Japanese artist Yayoi Kusama is known for making work filled with circular motifs, and her upcoming site-specific installation titled Narcissus Garden is no exception. The installation of silver spheres will be on view from July 1- September 3 at Fort Tilden, a former United States Army base on the coast in Queens. The exhibition is presented by MoMA PS1 as the third iteration of Rockaway!, an art festival that commemorates the Rockaway Peninsula’s ongoing recovery from Hurricane Sandy. First presented in 1966 at the 33rd Venice Biennale, Narcissus Garden is comprised of 1,500 spheres made of mirrored stainless steel. The artistic intervention will transform the interior of the former coastal artillery installation with mirrored surfaces. The region’s military past and the building’s post-Hurricane Sandy state will be highlighted in the reflections of the sculpture. During the first presentation of Narcissus Garden in 1966, Kusama, dressed in a gold kimono, threw the spheres around and attempted to sell them to passerby on the lawn outside the Italian Pavilion. The performance was interpreted as “self-promotion and a critique on the commercialization of contemporary art,” according to a statement from the MoMA PS1. The art piece played an important role in marking Kusama’s career as a performance artist in the sixties. Iterations of Narcissus Garden have since been presented in New York City parks and different venues worldwide. The first iteration of Rockaway! in 2014 featured Patti Smith, Adrián Villar Rojas and Janet Cardiff, while the second iteration in 2016 featured Katharina Grosse. The series is co-organized by Rockaway Artists Alliance, a local non-profit art organization, and National Park Service. For details please check out this link.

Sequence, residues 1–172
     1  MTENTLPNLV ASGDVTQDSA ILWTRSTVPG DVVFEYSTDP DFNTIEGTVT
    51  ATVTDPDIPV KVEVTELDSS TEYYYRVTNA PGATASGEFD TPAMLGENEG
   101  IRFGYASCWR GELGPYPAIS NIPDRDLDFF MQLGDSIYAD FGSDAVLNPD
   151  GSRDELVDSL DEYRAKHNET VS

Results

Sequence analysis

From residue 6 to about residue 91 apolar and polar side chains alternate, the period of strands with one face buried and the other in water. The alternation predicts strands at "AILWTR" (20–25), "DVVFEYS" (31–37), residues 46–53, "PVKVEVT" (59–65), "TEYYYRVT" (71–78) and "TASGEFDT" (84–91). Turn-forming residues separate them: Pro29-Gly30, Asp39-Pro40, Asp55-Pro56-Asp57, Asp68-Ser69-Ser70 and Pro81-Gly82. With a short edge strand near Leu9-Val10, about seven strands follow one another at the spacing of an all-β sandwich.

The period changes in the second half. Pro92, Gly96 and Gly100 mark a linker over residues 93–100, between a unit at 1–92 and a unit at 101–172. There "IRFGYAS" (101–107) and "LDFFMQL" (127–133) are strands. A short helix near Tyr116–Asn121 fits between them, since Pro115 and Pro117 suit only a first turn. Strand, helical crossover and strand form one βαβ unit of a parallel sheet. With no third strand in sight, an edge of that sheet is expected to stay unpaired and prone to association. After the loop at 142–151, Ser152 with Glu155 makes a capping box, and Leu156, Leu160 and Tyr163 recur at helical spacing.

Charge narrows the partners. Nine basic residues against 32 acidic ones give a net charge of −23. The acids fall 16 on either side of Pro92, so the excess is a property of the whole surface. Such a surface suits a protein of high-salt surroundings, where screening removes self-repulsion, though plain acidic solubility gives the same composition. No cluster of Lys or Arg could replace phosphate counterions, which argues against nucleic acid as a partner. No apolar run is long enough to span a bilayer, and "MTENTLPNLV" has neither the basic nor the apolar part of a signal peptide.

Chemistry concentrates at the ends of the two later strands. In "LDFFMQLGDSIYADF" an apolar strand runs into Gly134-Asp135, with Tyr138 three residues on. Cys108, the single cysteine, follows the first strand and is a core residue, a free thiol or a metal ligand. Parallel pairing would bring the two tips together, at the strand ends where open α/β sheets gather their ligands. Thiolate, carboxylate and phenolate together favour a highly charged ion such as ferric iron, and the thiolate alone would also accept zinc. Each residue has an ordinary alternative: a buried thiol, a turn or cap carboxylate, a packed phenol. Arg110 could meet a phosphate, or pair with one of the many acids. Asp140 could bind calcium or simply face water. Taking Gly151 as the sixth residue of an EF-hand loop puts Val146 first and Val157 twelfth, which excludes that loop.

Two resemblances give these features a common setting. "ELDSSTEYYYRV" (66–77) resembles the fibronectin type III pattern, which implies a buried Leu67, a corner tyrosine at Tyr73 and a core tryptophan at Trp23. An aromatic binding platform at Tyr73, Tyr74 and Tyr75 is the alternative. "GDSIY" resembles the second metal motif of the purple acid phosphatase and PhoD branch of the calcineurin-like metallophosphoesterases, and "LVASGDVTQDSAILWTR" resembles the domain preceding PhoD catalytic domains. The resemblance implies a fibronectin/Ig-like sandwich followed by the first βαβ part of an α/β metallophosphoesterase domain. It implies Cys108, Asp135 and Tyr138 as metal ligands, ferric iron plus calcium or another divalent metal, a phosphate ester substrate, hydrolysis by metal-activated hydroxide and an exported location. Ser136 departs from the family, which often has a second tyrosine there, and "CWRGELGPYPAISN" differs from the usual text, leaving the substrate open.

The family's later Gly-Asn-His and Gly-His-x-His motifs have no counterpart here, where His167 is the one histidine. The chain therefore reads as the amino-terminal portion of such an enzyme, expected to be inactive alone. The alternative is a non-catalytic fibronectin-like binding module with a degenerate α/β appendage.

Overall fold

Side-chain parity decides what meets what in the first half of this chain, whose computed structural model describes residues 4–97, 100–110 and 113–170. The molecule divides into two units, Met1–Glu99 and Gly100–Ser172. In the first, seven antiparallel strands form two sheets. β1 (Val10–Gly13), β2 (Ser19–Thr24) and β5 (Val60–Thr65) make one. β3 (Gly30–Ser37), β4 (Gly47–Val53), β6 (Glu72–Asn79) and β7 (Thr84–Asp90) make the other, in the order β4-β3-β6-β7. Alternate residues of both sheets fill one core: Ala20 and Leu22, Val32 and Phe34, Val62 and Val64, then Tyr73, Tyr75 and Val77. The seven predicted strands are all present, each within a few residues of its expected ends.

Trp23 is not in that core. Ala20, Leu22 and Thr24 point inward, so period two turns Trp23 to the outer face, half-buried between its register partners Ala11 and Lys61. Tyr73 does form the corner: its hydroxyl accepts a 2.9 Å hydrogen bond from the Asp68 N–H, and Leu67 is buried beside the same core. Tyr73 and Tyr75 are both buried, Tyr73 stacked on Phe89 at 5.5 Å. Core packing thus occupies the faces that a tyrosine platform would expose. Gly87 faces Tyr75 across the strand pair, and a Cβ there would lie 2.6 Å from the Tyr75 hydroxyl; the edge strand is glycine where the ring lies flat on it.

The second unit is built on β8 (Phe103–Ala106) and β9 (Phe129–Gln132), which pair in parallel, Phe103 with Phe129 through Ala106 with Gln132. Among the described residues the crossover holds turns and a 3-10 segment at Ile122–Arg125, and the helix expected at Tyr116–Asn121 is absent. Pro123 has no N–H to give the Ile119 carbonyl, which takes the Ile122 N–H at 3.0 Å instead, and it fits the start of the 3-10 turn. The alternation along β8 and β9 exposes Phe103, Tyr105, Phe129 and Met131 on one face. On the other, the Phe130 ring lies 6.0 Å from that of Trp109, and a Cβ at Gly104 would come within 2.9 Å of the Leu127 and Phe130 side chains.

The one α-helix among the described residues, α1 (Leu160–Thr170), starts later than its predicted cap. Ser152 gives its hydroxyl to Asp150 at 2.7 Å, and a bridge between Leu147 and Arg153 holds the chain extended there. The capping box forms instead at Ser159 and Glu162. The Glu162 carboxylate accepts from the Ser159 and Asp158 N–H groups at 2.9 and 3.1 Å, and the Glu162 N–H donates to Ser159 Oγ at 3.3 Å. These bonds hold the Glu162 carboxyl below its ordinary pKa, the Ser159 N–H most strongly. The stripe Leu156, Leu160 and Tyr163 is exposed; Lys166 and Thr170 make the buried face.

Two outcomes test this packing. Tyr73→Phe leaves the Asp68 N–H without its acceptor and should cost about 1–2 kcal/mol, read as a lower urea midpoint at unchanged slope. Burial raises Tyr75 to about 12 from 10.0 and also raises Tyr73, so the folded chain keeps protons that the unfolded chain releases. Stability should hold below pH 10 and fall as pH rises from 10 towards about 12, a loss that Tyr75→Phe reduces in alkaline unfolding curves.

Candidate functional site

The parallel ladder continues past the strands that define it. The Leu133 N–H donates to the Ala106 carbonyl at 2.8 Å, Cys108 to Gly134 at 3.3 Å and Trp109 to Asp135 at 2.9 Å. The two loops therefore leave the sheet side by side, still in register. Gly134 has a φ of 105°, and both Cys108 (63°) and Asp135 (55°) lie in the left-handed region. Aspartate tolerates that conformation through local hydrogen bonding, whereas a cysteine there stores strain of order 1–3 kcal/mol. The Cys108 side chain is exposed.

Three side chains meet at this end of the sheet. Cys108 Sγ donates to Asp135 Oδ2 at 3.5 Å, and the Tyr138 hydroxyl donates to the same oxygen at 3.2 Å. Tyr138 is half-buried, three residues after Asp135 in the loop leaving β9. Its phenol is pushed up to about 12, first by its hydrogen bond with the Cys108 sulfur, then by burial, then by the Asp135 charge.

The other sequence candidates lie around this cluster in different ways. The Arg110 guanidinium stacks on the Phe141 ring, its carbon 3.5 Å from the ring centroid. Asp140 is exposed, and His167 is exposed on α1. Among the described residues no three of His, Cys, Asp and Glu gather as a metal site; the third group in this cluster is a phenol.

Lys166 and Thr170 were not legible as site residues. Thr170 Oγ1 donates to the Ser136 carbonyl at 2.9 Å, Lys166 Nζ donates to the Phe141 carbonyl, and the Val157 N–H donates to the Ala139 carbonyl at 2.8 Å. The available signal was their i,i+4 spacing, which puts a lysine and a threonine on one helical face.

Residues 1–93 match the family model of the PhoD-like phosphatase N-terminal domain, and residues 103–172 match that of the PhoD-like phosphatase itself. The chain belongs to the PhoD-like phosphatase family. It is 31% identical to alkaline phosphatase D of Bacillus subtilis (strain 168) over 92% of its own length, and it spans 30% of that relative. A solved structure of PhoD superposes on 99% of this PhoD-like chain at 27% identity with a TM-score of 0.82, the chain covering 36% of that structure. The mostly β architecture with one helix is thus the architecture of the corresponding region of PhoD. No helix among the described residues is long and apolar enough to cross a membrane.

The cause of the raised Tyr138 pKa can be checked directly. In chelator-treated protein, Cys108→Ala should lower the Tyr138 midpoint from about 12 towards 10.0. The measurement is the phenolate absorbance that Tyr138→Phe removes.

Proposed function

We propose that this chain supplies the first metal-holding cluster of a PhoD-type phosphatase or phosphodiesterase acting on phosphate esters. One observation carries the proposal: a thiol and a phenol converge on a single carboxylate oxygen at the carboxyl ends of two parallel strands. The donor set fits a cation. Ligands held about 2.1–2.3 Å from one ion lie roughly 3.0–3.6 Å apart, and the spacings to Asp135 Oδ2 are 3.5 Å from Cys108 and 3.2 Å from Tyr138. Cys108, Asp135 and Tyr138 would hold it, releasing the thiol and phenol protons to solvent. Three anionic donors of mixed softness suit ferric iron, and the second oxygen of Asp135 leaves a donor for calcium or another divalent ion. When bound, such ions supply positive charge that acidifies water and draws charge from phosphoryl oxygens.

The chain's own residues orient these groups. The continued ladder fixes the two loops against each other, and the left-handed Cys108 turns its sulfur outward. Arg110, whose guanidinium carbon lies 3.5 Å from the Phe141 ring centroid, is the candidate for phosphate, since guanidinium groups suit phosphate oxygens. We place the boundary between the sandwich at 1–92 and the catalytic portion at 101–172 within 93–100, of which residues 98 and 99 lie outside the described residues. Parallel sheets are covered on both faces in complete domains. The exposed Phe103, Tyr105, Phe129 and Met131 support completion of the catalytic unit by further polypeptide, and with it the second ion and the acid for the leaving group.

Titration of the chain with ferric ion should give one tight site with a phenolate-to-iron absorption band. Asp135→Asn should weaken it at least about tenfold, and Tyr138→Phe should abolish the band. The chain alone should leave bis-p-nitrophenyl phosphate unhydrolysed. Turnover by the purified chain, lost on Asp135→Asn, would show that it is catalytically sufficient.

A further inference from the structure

Posts tagged with "Hurrican Sandy":